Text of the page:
In a way, mobile apps are an antithesis of the main tenets of today’s digital revolution–convenience and speed. It is one characteristic feature of these apps that makes them slow down this instant gratification-seeking generation. You need to download it. The usual grind is that you download an app, use it once, maybe twice, and then it just sits in your phone without being opened for months without an end. Probably, after a few months, you realize that you have an app that you never use in your phone and end up deleting it.
A study conducted by Localytics earlier this year proves this. About one in four people admitted to have abandoned using an app after just one use. This only goes to show that users are increasingly growing impatient with apps that require to be downloaded, only to offer one or two functions. With a new feature called Instant Apps, Google is trying to rectify this shortcoming. In an attempt to make accessing apps as easy as opening a webpage, the new feature allows you to ‘stream’ apps, without having previously downloaded it. For instance, consider that you are travelling to a new city and want to take a peek at the app that provides its public transport timetables. You will be able to do so with the ease of loading a webpage and not have to find space in your phone to download it, given that you may or may not be visiting the city again anytime soon.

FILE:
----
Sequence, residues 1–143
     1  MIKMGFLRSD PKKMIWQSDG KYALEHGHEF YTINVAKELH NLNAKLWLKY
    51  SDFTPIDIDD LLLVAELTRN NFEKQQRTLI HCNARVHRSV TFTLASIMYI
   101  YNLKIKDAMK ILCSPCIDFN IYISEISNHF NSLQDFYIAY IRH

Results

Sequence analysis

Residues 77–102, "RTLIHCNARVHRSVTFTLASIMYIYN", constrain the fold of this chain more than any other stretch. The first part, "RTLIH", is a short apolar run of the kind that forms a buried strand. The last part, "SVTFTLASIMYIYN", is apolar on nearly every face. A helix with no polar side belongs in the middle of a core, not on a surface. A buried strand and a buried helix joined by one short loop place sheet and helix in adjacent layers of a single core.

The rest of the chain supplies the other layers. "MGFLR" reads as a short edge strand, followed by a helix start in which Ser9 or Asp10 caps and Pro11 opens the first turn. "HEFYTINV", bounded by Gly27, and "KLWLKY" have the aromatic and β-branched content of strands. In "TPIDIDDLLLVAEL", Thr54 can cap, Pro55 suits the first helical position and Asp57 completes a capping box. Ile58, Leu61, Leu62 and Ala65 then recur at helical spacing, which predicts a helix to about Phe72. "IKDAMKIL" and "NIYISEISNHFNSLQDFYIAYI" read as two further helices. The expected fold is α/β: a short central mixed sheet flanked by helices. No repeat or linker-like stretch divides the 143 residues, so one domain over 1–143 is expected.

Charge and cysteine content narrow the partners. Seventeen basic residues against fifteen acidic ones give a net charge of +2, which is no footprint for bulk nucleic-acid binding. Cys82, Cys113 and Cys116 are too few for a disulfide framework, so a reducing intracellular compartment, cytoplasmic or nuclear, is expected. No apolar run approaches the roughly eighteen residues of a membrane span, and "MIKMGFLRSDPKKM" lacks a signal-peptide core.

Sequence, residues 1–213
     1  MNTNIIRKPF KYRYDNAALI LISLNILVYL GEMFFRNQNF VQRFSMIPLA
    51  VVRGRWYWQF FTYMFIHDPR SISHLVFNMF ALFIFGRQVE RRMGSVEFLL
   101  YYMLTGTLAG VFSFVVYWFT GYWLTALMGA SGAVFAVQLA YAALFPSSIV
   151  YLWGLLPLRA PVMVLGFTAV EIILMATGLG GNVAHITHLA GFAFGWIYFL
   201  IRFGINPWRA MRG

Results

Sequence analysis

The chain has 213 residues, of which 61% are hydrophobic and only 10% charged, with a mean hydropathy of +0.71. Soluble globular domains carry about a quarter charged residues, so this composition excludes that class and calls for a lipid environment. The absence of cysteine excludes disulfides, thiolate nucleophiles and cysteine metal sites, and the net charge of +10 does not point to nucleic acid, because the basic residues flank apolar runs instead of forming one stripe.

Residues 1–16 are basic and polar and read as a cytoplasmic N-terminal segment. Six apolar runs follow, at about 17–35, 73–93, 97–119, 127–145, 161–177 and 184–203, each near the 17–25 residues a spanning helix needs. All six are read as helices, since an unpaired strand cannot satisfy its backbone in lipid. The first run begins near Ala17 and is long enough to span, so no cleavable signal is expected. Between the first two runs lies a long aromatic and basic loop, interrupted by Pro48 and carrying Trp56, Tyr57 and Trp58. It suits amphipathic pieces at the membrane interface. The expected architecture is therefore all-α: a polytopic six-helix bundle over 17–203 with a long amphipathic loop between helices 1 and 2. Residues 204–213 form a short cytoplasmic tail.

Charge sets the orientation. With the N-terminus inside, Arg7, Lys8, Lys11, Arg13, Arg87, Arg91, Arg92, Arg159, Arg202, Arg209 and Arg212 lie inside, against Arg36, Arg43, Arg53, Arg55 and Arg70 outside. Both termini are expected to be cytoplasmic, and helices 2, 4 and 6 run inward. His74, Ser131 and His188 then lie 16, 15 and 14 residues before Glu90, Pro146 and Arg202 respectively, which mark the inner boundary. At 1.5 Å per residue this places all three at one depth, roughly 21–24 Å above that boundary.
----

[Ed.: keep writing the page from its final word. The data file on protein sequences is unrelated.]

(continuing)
Through Instant Apps, users get access to the real app which is streamed on Google’s cloud platform, not just looping videos or web versions of the app. This is how it works: the cloud machine renders the app, executes the user’s touch commands and then sends pixel information back to the client. Developers will now be required to provide two kinds of content for each app–one for the downloaded app itself and the other to make available for streaming. Although it might sound like double the effort for businesses and developers, app streaming is also a great way to get themselves found online, especially for app-only businesses with no web presence. Also, they would not now have to vie for the limited space available for apps on a customer’s mobile.
Instant Apps is only live in the USA now and users need to have devices running on Android Lollipop or higher. Although, the search engine giant has started this streaming option as more of an experiment, app streaming can transform the way people engage with mobile content. Let’s look at how this will impact a few important sectors: